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Album reviews
Artist:
The Dodos
Album:
Carrier
Release year:
2013
Label:
Polyvinyl
14 November 2013 / by Michael Fiore (author)

Carrier won't knock you over, nor does it intend to. It isn't a massive wave, but a steady current that divides to intriguing fractals. It isn't something that you simply 'throw on' and get addicted to. Rather, it thrives with steadfast purpose and routine, a reliable accomplice for long commutes, ceaseless insomnia, or solitary environments with ample magnification.

With their career now maturing, The Dodos have made it clear on Carrier that they've swayed into the stream of slowly and steadily transforming their craft as an indie-folk rock duo. This kind of stewardship is especially refreshing given the popular trend that dictates indie-folk acts must 'go big', a decision usually flared with lavish orchestras, 'experimental' interludes, and copious crescendos. Unlike Sufjan Stevens (on Illinois), Bon Iver (on Bon Iver, Bon, Iver) or Dan Mangan (on Oh, Fortune), The Dodos reliably aim to make art that prioritizes long-term investment rather than immediate returns. Thus, it is always refreshing to rediscover The Dodos every second year and enjoy the easy pace at which their songwriting is maturing.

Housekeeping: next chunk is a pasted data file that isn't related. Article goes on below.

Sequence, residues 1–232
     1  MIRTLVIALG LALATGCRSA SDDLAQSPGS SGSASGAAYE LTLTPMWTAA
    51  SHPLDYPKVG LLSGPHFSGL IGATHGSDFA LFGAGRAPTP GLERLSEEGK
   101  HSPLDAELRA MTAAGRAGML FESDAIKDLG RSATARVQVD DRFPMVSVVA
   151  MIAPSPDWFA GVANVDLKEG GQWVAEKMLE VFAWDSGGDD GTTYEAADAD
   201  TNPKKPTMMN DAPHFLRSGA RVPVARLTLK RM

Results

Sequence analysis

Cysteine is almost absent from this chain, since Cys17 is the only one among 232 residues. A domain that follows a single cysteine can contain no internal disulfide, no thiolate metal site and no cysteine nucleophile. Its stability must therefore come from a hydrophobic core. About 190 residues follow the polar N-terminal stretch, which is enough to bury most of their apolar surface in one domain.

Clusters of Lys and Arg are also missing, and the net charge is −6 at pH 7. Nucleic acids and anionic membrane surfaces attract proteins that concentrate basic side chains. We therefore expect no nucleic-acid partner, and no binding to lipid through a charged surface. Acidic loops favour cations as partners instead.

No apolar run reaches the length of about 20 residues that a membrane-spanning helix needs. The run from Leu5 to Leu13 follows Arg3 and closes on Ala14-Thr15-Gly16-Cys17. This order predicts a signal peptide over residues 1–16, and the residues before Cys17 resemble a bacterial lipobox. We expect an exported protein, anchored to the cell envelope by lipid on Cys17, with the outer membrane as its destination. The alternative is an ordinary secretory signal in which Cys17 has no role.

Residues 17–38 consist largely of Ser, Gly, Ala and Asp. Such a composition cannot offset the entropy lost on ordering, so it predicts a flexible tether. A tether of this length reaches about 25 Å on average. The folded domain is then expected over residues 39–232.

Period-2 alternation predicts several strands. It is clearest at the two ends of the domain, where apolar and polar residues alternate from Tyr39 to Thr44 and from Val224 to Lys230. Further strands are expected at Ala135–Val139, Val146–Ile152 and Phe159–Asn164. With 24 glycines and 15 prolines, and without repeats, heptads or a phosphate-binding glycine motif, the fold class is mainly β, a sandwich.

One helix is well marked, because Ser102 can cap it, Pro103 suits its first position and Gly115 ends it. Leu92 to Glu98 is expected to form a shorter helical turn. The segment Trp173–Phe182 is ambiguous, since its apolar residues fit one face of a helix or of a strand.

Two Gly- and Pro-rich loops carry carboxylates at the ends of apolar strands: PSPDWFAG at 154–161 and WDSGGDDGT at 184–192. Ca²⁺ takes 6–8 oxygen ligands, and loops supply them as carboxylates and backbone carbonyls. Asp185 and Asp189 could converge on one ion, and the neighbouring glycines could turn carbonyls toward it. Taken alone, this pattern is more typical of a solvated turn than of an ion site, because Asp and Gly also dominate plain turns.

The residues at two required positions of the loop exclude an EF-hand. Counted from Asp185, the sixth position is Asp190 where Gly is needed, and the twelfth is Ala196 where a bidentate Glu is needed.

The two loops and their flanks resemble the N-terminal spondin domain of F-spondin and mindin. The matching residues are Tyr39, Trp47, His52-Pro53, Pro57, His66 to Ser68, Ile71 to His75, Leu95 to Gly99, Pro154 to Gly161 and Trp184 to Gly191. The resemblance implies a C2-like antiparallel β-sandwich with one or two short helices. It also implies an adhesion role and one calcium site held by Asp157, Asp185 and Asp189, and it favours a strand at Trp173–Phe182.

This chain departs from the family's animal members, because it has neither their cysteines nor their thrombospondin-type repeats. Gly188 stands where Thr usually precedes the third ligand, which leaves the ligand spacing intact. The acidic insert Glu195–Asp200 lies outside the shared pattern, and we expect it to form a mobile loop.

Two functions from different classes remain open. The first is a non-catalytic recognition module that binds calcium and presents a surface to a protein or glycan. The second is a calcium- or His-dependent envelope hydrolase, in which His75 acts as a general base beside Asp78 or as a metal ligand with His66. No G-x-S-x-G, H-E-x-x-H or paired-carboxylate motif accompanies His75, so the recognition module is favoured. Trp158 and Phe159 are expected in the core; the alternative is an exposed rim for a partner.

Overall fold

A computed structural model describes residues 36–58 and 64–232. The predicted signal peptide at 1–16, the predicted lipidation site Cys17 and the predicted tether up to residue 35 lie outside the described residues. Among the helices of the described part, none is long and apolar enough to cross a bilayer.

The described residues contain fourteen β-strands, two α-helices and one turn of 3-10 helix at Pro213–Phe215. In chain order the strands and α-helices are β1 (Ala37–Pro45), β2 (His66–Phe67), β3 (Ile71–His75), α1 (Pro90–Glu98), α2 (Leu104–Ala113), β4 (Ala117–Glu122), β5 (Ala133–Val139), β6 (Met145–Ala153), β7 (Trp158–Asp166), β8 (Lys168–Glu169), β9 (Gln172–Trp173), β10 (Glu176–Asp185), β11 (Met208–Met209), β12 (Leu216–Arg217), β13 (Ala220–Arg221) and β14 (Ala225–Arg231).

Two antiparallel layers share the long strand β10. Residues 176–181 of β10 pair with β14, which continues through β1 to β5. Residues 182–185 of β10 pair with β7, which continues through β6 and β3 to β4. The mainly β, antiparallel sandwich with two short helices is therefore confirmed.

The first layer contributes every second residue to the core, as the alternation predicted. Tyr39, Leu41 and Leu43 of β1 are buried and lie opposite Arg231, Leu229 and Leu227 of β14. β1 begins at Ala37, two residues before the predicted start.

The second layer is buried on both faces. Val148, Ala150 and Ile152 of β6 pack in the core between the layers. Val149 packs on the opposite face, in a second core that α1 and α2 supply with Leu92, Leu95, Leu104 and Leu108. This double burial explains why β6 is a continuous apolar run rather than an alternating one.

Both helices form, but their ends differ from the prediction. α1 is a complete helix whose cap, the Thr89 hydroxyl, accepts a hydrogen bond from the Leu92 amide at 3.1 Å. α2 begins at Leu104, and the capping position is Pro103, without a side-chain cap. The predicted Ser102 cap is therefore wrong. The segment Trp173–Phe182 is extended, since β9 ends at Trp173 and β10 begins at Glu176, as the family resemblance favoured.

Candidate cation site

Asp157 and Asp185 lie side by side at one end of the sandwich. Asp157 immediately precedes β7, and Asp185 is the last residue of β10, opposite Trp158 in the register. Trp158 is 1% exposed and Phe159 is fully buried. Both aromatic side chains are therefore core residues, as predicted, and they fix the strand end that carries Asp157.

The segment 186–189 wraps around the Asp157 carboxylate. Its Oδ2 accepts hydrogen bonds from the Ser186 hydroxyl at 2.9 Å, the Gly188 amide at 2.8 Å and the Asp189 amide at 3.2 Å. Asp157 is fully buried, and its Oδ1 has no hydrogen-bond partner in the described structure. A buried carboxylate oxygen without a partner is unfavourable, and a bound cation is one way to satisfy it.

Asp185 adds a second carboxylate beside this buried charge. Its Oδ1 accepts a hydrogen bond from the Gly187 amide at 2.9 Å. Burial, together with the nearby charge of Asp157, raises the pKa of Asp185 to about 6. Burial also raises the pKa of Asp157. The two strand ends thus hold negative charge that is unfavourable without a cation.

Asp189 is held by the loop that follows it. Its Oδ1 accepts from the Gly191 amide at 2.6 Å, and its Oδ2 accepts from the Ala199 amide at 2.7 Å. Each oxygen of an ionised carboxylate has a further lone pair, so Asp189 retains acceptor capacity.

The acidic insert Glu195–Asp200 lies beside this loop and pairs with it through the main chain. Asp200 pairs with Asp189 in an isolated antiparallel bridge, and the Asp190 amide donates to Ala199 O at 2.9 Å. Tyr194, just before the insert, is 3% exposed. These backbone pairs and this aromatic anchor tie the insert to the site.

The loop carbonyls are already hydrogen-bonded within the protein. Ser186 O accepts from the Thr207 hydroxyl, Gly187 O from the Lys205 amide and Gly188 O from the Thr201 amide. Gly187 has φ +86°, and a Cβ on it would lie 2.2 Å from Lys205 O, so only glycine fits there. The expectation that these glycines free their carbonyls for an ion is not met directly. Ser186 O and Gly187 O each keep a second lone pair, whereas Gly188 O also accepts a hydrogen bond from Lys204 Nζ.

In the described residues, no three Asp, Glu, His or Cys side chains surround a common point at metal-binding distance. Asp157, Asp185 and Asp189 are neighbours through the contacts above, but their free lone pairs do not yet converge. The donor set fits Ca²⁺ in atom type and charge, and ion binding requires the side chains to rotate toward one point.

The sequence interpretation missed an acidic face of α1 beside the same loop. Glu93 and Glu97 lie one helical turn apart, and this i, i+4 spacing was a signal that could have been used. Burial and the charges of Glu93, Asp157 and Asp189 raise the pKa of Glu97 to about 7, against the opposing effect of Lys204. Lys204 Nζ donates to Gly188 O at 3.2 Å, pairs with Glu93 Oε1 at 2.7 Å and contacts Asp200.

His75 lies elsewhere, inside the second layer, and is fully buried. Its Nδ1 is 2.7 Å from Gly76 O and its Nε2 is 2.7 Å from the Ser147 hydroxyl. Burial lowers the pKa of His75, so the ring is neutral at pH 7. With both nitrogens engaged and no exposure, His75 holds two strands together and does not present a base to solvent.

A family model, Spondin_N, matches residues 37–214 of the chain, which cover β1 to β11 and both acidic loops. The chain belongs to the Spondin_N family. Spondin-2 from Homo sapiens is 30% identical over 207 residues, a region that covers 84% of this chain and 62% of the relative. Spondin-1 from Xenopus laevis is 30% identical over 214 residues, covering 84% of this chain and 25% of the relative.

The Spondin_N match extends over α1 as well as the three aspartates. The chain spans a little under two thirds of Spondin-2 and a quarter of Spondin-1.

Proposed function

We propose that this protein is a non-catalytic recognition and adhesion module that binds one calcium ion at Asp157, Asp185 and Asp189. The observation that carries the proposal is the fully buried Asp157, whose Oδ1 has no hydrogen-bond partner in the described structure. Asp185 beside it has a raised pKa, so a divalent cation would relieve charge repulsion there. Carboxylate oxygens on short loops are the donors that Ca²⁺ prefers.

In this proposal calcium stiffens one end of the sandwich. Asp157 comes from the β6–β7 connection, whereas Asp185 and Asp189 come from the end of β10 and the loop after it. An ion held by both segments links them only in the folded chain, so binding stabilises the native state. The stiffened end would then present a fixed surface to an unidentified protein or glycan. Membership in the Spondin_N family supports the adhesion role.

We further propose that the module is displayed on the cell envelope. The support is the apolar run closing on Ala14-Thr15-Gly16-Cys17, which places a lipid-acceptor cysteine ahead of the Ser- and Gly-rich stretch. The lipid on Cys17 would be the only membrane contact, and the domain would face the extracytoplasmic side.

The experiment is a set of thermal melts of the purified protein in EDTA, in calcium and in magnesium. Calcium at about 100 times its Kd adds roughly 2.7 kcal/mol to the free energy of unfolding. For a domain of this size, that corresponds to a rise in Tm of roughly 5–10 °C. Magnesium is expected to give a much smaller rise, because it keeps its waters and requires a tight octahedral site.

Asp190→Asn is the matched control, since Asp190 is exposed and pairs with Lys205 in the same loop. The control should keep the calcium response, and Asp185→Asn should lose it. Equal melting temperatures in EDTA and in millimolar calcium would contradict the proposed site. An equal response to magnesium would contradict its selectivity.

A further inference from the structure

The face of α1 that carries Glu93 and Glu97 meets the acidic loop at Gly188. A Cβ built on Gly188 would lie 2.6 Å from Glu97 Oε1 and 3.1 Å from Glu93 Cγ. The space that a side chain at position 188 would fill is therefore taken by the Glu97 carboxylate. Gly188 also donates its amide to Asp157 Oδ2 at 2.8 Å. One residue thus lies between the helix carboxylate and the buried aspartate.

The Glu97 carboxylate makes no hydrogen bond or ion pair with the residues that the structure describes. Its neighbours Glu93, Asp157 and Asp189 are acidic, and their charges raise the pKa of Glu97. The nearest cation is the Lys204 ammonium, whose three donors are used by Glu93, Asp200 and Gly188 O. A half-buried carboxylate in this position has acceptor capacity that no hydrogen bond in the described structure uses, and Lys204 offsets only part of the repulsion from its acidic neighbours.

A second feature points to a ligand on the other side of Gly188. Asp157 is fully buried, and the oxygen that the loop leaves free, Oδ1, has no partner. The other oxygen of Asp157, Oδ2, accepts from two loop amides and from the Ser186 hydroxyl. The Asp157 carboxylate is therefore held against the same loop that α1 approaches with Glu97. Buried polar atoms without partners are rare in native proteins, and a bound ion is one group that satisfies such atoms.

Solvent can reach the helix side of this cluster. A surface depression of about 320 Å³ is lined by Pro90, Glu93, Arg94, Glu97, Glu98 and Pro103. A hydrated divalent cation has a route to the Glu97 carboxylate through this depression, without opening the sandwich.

Not to imply that Carrier is just comfortably predictable; it's equally unsettling. The death of second guitarist Christopher Reimer (for whom the album is dedicated) has invariably translated into a collection of songs that wave at half-mast, addressing disillusionment and worry with modest optimism and sorrow. Lyrical content is more frank and unequivocal than previous releases, providing 'artful digressions' rather than 'digressions that are veiled in art'. A similar approach has taken to instrumentation, where The Dodos control their notorious rhythmic knack with seamless song structuring. This helps introduce time signature changes modestly, so the listener won't be winded by rhythmic displacement. The mix matches these objectives, being gentle and never fatiguing. For these reasons, Carrier is an album with inherent solidarity among its components, and while it won't attempt to impress or excite you, it is admirably dignified as a cohesive work.

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The author

Michael Fiore

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